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5 Ways to Spread Your Risks When There Aren’t Enough Loans

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By on 8 December, 2014 | Read more by this author

It's all very well us telling you to spread your risk – diversify – across dozens or hundreds of loans, but what if a P2P lending company you're interested in doesn't have enough loans? Other than walking away, I think you have five choices:

1. Spread your risk by investing over several weeks, rather than at once. If you go further and lend regularly, every month, then you don't just diversify into different loans but into different time periods. Some years of loan issue are more likely to default, like loans taken out in 2007 or 2008. Lend at different times and the risk and impact of bad times is reduced.

2. Lend through more than one P2P lending company. Then your risk is diversified not just across different loans and borrowers, but across different loan markets too.

3. Walk away and find another P2P lending company. The simplest option.

4. Lend part of your money and invest or save the rest in index trackers, savings accounts or your own property. You could read more on that in The Investment That's Better Than P2P Lending.

5. Buy loan parts on the secondary market. A “secondary market” is where you can buy and sell existing loan parts. (The stock market is also a “secondary market” where you can buy and sell shares of a company after the initial public offering has taken place.) Many P2P lending companies allow you to do this, but watch out that you're getting a decent return, since you might get less than the original lender – although you can also get more. Just like the stock market.

Watch out that you don't spread into multiple loans by the same borrowers. Some borrowers take out two or three P2P loans and not always through the same P2P lending company.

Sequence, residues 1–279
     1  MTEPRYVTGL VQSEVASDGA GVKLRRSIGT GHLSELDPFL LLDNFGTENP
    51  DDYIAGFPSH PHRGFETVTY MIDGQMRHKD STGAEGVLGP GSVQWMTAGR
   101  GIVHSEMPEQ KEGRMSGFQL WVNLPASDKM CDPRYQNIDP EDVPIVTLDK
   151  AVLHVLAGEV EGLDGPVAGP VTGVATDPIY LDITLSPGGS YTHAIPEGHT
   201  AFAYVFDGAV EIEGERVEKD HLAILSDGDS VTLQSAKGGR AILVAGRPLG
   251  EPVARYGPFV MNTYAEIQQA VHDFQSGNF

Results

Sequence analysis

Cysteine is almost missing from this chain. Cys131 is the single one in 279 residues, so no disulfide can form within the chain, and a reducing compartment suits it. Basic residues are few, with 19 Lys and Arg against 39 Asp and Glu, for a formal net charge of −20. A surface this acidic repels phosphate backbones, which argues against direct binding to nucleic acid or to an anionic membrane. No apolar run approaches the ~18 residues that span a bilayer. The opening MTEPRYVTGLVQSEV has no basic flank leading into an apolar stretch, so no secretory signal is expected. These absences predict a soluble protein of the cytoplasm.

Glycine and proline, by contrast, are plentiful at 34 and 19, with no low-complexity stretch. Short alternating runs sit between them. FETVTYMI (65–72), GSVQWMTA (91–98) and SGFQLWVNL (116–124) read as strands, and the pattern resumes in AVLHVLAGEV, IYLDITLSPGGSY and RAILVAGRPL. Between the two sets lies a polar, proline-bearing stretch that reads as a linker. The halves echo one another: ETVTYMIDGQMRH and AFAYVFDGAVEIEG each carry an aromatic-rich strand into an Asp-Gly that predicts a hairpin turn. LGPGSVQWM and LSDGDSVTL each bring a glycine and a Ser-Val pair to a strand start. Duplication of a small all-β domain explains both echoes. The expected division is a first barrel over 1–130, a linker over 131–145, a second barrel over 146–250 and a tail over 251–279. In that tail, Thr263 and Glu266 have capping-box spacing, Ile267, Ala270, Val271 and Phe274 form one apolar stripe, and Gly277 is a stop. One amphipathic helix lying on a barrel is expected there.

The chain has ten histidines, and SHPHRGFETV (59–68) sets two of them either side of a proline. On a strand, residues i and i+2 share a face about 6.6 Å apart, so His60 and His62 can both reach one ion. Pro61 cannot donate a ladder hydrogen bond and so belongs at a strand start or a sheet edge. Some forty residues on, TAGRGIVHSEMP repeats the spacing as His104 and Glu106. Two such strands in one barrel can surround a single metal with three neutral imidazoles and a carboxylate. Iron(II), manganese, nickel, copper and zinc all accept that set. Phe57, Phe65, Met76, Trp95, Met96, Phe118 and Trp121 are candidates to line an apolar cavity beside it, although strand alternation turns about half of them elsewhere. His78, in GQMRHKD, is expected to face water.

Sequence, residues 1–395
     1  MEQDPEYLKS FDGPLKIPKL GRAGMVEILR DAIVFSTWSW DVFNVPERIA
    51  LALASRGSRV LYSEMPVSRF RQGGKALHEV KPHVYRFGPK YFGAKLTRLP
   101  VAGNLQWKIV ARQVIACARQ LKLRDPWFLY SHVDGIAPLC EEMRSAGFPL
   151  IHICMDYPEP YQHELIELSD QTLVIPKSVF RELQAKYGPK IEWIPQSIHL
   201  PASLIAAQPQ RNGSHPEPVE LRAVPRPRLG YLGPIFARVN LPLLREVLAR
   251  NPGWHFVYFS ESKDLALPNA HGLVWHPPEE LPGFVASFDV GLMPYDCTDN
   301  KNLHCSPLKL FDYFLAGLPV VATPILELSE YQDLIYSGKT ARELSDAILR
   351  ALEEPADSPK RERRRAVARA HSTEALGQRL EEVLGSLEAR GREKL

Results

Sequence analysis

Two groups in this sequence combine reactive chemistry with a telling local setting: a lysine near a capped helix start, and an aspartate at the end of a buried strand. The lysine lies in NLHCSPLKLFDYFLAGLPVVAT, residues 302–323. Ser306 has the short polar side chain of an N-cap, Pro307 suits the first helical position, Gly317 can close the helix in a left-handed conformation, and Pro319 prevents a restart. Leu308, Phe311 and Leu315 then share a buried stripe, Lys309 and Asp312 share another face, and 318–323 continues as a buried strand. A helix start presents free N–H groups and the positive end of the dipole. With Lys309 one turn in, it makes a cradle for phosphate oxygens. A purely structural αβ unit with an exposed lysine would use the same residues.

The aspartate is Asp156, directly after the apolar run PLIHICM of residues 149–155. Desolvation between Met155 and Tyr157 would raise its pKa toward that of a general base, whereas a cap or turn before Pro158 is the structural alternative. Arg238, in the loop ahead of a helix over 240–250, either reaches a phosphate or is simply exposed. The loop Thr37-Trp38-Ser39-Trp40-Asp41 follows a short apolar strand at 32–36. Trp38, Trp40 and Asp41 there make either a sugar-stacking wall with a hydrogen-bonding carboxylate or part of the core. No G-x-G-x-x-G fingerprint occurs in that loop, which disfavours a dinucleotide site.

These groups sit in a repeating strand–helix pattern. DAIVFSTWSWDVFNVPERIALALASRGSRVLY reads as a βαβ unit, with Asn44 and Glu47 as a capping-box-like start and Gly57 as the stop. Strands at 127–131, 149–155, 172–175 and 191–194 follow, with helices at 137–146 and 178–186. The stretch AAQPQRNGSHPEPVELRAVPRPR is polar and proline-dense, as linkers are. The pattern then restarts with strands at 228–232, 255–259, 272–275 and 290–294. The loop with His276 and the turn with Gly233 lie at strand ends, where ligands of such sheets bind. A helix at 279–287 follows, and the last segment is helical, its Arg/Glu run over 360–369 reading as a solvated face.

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We help people save and make more money, more safely when they cut out the banks and lend directly to other people and to businesses.

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Why are Wellesley’s interest rates different?

Wellesley’s P2P lending rates appear higher on its own website than on 4thWay®.

This is because we calculate Wellesley’s interest rates the same way most other P2P lending websites do. We do this so that you can compare the rates more easily and so that they show a more accurate picture of what you’ll earn.

Important information before you visit Wellesley & Co.

Wellesley & Co. is primarily a P2P lending website.

But, when you visit the Wellesley website, you’ll see that it also offers “bonds”. Unlike its P2P lending service, its bonds don’t allow you to lend directly to 100+ borrowers.

Instead, you lend to Wellesley and it lends to other borrowers.

We have not risk-rated either of those bonds, but we expect that their structure makes them more risky, particularly because you’re lending to just one borrower.

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Why are Wellesley’s interest rates different?